After the installation and dropping all the tools on the VHD – I’m getting a little too familiar with the Visual Studio installer by now – Qt built pretty much in the expected time and the project itself can also be build within a reasonable amount of time. My guess the build is 5%-10% slower than on the work machine, but the work machine is building on an SSD and obviously hasn’t got a virtualised hard disk to deal with either. On the other hand my own machine has the benefit of 8 real cores.

Why all the effort? I don’t like mixing work projects and my own stuff, for starters. If I can lock work into a VM or at least some kind of a sandbox, there’s less of a chance of accidental cross-pollination between the two and no licensing headaches either. The latter is especially important to me as there are some software licenses that are “duplicated” in the sense that I have both a work and a personal license. And of course there’s the little detail that the work VM data can simply be destroyed by deleting the VM/VHD if it proves necessary.

Even though I did originally intend to only set up a single VHD for work purposes and keep all the personal software and data on my main disk, I’ve ended up creating a second VHD specifically for a couple of car racing simulators that I use (iRacing and rFactor). I’m not a big gamer but I do like track driving in the real world and using the simulators tends to help with familiarising yourself with a track, plus it helps in the off season, too. iRacing had a bit of a problem with the various bits of security software I have installed on my main Windows and given that I had a spare license anyway, it made sense to put it in its own “virgin Windows” sandbox. No issues since. Well, none related to the software…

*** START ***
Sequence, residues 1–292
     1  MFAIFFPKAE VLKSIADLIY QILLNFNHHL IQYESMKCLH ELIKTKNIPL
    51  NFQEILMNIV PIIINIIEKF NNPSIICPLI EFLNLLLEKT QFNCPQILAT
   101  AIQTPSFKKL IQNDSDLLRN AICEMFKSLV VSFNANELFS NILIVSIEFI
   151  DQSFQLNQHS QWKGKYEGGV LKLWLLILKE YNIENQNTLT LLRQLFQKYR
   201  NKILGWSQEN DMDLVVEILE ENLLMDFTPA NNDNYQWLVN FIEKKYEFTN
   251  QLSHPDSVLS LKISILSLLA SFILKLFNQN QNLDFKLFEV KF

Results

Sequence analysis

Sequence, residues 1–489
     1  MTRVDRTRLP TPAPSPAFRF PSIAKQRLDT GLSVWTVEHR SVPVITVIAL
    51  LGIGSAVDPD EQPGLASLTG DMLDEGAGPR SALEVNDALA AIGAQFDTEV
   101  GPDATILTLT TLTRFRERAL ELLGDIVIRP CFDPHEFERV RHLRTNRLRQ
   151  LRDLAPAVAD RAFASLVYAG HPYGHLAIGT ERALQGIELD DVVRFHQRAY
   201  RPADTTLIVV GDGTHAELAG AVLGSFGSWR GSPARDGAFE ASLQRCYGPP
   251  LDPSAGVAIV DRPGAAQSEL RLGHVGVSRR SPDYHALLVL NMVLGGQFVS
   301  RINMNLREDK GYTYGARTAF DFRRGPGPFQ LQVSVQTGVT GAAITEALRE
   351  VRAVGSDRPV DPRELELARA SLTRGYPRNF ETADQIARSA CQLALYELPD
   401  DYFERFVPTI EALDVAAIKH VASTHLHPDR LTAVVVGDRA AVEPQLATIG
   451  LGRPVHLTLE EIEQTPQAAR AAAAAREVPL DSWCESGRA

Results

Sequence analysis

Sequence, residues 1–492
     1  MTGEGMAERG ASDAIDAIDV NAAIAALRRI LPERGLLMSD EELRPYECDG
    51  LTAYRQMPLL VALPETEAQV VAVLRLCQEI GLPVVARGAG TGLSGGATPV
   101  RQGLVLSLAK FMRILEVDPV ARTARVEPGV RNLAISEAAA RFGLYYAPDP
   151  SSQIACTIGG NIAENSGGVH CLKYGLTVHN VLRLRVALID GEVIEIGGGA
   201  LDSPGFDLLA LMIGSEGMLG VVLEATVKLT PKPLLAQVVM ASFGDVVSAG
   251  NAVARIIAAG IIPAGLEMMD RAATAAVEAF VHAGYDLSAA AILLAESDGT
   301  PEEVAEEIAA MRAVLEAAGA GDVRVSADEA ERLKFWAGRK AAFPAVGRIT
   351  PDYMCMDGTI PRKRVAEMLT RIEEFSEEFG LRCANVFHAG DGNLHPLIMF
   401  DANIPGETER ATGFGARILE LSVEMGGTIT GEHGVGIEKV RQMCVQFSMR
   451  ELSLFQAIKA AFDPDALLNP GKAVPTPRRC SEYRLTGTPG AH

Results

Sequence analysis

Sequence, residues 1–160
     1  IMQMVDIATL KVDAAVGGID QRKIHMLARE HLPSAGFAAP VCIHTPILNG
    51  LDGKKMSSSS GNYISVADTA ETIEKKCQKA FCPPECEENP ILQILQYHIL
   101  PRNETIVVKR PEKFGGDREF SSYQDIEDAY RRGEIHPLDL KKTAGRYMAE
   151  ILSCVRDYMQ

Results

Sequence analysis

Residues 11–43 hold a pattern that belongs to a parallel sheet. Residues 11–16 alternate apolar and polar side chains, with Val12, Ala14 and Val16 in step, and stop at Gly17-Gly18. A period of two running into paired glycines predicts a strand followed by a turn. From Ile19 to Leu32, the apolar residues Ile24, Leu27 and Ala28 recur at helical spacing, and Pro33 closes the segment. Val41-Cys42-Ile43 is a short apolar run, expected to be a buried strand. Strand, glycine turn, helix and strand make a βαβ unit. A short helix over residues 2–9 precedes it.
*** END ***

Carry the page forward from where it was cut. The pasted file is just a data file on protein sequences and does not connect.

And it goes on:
Another good reason to keep source file sizes small

Merging a file between SCM branches that is several thousand lines in size and has significant changes in both branches is a good way to have an unpleasant day, even if the SCM that’s being used has good support for cross-branch merging.

Yes, I know, ideally one tries to make sure that two branches don’t diverge that far but that’s not always possible, especially if there are significant changes to the design that affect the merge.

Useful collection of Qt debug visualizers for Visual Studio

I had to reinstall VS2010 at work and because I clearly didn’t think this all the way through, forgot to save my autoexp.dat file before removing the old installation. And of course I didn’t realise what had happened until I had to dig deeper into some Qt GUI code that wasn’t quite working as expected, and of course I was prompted with the raw data.

Fortunately a quick search on Google led me to this page Human Machine Teaming Lab | Knowledge / Qt that contains a very comprehensive set of visualisers. I’d highly recommend them if you’re doing any sort of work with the Qt libraries. Just keep in mind that the Qt visualisers are for Visual Studio 2008 and 2010, so they’re anything but guaranteed to work with newer versions.